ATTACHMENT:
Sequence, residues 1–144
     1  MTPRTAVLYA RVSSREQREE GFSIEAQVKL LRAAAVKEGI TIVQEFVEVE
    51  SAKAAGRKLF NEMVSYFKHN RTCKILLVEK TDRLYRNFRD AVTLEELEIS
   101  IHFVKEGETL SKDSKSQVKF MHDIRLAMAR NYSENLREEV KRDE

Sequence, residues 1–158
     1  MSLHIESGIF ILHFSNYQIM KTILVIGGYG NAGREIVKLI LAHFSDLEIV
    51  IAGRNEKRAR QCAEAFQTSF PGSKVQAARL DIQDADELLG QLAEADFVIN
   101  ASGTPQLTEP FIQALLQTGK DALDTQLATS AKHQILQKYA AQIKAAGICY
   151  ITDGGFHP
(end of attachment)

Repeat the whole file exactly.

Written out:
Sequence, residues 1–144
     1  MTPRTAVLYA RVSSREQREE GFSIEAQVKL LRAAAVKEGI TIVQEFVEVE
    51  SAKAAGRKLF NEMVSYFKHN RTCKILLVEK TDRLYRNFRD AVTLEELEIS
   101  IHFVKEGETL SKDSKSQVKF MHDIRLAMAR NYSENLREEV KRDE

Sequence, residues 1–158
     1  MSLHIESGIF ILHFSNYQIM KTILVIGGYG NAGREIVKLI LAHFSDLEIV
    51  IAGRNEKRAR QCAEAFQTSF PGSKVQAARL DIQDADELLG QLAEADFVIN
   101  ASGTPQLTEP FIQALLQTGK DALDTQLATS AKHQILQKYA AQIKAAGICY
   151  ITDGGFHP